In the light of a dilemma, Section 165 of the Code should come into play when there is a lack of time and an immediate step needs to be taken with the situation ensuring that such delay would frustrate the object of the search. Section 165(1) necessitates the requirement of a specific search for its invocation without a warrant.[v] Further, it also permits search for anything necessary for investigation. The essence of the judgement rendered in State v Sant Prakash, was based on the notion that even where the search itself becomes illegal by reason of non-compliance with Section 165, the property recovered at search may be used in evidence against the person concerned accused of an offence on the basis of such recovery, because the illegality of the search itself will not render the seizure illegal. In such a scenario, even though a person may resist an illegal search, the illegality will not vitiate the seizure or the evidence collected by such seizure or the trial which follows on the basis of such evidence.
Warrantless Search And Seizure-The Better Approach
By a conjoint appreciation of the relevant sections of the IT Act and the Code, it can be assumed that the police is justified in carrying out a search and seizure without warrant, if there is an existence of reasonable grounds for belief of some definite facts.[vi] In addition, omission to comply with certain procedural portions of Sections 165 and 166 of the Code of Criminal Procedure may be overlooked where the officer was acting in continuous discharge of duty. This view finds its support from the case of M.P Sharma v Satish Chandra, where the apex court has upheld the fact that there is no infringement of Article 19 or Article 20(3) of the Constitution because seizures are only means of temporary interference with the right to hold premises searched and the articles seized. Hence, the fundamental right(s) of the accused is not essentially infringed by such an intrusion.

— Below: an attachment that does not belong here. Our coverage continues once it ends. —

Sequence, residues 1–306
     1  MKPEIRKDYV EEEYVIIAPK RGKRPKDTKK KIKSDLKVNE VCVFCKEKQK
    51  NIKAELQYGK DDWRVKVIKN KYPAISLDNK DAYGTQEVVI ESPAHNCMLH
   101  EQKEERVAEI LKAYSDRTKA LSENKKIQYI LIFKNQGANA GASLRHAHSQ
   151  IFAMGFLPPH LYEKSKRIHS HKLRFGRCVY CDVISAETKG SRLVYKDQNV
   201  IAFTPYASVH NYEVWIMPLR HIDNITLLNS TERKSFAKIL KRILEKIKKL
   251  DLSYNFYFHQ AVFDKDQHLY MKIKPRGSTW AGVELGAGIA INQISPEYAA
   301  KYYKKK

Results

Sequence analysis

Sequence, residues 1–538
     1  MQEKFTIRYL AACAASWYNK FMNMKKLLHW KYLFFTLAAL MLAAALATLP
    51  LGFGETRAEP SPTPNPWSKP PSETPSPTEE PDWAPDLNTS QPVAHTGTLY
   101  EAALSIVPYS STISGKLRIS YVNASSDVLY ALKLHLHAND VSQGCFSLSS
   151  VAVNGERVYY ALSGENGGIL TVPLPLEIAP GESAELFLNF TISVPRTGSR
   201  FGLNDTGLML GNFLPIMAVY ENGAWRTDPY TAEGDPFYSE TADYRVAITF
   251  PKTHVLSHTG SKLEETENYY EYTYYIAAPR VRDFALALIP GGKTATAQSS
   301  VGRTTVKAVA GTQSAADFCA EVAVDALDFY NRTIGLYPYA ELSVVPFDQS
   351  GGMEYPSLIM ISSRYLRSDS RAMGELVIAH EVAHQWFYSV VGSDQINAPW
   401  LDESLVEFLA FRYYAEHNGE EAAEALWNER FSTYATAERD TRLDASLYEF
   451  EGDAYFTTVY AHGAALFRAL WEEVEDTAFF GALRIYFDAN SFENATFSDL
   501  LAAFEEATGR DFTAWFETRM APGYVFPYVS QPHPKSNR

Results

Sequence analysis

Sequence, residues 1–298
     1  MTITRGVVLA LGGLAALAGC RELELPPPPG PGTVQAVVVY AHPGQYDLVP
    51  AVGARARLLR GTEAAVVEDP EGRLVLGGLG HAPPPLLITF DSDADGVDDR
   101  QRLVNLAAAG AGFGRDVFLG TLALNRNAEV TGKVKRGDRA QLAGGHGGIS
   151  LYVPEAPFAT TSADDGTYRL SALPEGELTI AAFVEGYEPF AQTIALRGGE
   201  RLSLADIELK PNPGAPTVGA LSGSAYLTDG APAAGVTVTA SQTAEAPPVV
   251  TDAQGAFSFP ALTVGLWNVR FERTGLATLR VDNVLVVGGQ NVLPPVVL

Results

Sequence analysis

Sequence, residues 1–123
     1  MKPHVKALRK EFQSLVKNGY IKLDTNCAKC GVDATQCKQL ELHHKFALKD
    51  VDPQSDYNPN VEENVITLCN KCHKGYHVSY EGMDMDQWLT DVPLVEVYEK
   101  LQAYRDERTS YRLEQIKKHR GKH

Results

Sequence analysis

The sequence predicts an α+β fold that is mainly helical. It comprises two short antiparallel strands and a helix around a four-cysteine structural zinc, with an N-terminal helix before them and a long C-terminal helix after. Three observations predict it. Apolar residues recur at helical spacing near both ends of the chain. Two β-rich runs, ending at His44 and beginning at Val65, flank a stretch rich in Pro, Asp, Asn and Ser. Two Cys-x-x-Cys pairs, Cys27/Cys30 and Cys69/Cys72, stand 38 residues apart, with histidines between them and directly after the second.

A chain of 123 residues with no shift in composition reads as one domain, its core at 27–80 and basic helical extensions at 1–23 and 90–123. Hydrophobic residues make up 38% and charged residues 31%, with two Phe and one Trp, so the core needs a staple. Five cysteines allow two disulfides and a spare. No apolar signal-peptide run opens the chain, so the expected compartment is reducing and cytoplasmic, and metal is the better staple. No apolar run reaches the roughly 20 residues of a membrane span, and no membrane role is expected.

It can be vehemently gathered that in situations involving tampering of data which is almost inevitable in cases concerning electronic records, warrantless search and seizure must be allowed so as to facilitate quick action. A reference can be obtained from the methods enshrined under Section 2 of the Council of Europe Recommendation No. R (95) 13 which provides for expedited preservation of stored computer data. A comprehensive reading of Articles 16 and 29 authorizes warrantless preservation of such data by the authorities while its possession remains with the custodian until the production of an order or warrant. This method is less intrusive while upholding the privacy of the custodian and at the same time, ensuring the authenticity of such electronic evidence.
Even though the United States jurisprudence condemns warrantless search and seizure under the 4th Amendment, certain exceptional circumstances have been held to validate the warrantless search of a residence where the police are responding to an emergency[vii] or are in hot pursuit of the suspect,[viii] where the residence is the scene of the suspect’s criminal operations,[ix] and where the suspect is observed removing contraband from the residence.[x] It is expedient that the search and seizure involving electronic records is given due importance and obtaining such records be evaluated as an “exigent circumstance” where obtaining a warrant is merely a wastage of time and hence, the authority is allowed to carry out such search without the presence of a warrant, in light of the greater public good.
[i] Mincey v Arizona  437 U.S. 385 .
[ii] Coolidge v New Hampshire  403 U.S. 443, .
[iii] Mapp v Ohio  367 U.S. 643.
[iv] Terry v Ohio 392 U.S. 1, 20 
[vi] Sarkar, Code of Criminal Procedure (10th Ed, Vol. 1 LexisNexis 2012).
[vii] United States v Jeffers 342 U.S. 48 .
[viii] Warden v Hayden 387 U.S. 294 .
[ix] People v Kendall 212 Cal. App. 2d 472 28 Cal. Rptr. 53 .
[x] Martin v United States, 155 F.2d 503 (5th Cir. 1946).
Law Student, NUSRL, Ranchi